Categories
Christian Living family

Remembering Barb Evans

As a 15 year old junior at Hanau American High School I lived for youth group night.

For a couple of hours we took over the gym of Hanau Middle School. We played huge, sweaty games, where two teams competed for the sake of having fun. Usually, there was pizza and soda. Then Dan played some songs on his guitar while Barb tried to figure out how the changing of slides on the overhead projector at just the right pace so Dan didn’t lose his place. We typically ended our time with a sweaty Dan sharing something from the Bible and praying together.

I idealized Dan and listened intently to everything he said.

But in the Winter of 1993, for some reason, Barb led our teaching time for a few weeks. She was clearly nervous as she explained that for the next few weeks she’d be reading from the Bible her favorite story and sharing a little bit each week on what that story meant to her. It was a dramatic change of pace. Run-run-run-eat-eat-play-play-sing-sing-STOOORRRRYYYTTTIIIMMMEEEEWIITTTHHHBBBBAAAARRRBBBB.

I thought I’d die from boredom.

Barb started reading in Genesis 37.

One chapter in and I was hooked. She read the story and shared from her heart how that related to her life.

As the days passed I started to look forward less to the silly relay games, the pizza, and the songs… and started to get more excited about Barb’s story from Genesis. Her love for God’s Word was spreading to my heart, too.

A couple weeks later, the series culminated with the reading of Genesis 50. I hadn’t read ahead so I had no idea what was coming. Joseph, having been sold into slavery by his brothers, reported for dead to his father, tossed into jail for not sleeping with his bosses cougar-wife, saved from the death penalty twice. And yet somehow God kept blessing him. Now, as pharaoh’s right-hand man his brothers were now before him begging for food but not recognizing him. Joseph had his opportunity for revenge. No one would blame him. And God would be able to use it as a great lesson for not selling out your friends.

But Joseph said to them, “Don’t be afraid. Am I in the place of God?  You intended to harm me, but God intended it for good to accomplish what is now being done, the saving of many lives.Genesis 50:19-20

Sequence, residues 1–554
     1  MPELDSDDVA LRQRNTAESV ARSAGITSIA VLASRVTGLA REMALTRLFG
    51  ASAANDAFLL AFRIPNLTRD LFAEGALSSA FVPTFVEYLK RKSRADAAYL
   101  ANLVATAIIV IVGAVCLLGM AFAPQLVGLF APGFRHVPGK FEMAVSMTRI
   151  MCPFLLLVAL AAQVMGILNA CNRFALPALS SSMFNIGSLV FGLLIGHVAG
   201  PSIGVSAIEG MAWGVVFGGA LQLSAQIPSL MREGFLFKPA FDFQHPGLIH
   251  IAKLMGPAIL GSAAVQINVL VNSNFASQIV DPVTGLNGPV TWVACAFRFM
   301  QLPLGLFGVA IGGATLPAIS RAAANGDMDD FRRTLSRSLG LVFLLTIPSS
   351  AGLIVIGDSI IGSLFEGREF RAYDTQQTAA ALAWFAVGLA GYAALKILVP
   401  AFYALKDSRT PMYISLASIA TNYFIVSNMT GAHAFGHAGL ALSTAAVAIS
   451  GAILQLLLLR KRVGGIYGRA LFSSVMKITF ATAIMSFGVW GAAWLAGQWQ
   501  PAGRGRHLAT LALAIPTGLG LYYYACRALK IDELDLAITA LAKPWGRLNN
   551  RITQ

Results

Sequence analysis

My jaw dropped. And my life changed.

You mean… God wasn’t a God who liked revenge?

Barb explained that God used Joseph, a man who had been wronged by so many people, to save the very people who had wronged him. Never did something ring more true and make so much sense in all of my life. As I looked at all of the crap I had been through. Some of it self-inflicted, some of it inflicted upon me, it all had context for the very first time. Perhaps… maybe… PROBABLY… God had allowed all of that to happen to me so that I could one day be in that position, like Joseph, to chose to offer hope where there was no hope. He hadn’t been the cause of it. But God could take what had been done to me to destroy me and use it for His own glory.

I still feel the impact of those few weeks of stories today. Life is still full of crap. And because of her words and sharing Joseph’s story with me for the first time, I can always put it in context. Sometimes people seek to harm you. But God can use that for the saving of many lives.

My life was changed because of Barb’s ministry to me. She shared her heart and mine was opened to the Gospel in a brand new way.


Barb Evans passed away on Monday, March 7th. She had battled brain cancer for more than a year before, earlier this year, the doctors told her they had exhausted all their options and referred her to hospice care. Her last few weeks were spent at home with her family in Alaska, where she and her husband Dan served as missionaries with Cadence International. She leaves behind Dan, her husband, and their two kids, Caleb & Audrey.

It’s impossible to measure or convey the impact Barb had on my life. She and Dan were a critical relationship when I found myself living thousands of miles from home, in Germany, on a military base, my junior year of high school. Their youth ministry offered me so much more than just stuff to do one night a week. For the first time ever there were adults in my life that asked me real questions. They listened to what I had to say in a way that made me feel like I was a real person.

And they gently, and often times not-so-gently, pushed me to think about who I was and who I could become in Jesus.

Barb’s impact on me went beyond when she was the youth pastor’s wife and I was a student who was always with her husband. (Literally, if Dan would let me I was at their house every day. At his office. At youth group early. Anything I could do to hang out with him. Barb was a saint for not kicking me out!)

In college, I ended up attending Calvary Memorial Church in Oak Park, the church she had grown up in. Her parents befriended me. I remember Kristen and I sharing Easter dinner with her parents and family. Later, I served on the missions committee where we kept close tabs on their ministry, prayed for them regularly, and I was even sent to visit with them in 2001, shortly after September 11th. As I got involved in the youth group at Calvary, I loved the circle of blessing God had created that I helped lead a high school ministry and was part of a church who had raised and sent a young woman who lead me to Jesus.

Over the years, my respect for Barb’s deep faith, practical love for those she ministered to, and heart to raise her children as lovers of Jesus has grown with each passing prayer letter. Her impact on my life began when I was 15 years old and has translated into impact on my whole family.

Her husband Dan lovingly blogged the last year or so on Twitter. It’s such a tender testimony to Barb’s last months, I encourage you to read it.

Categories
golf management Marketing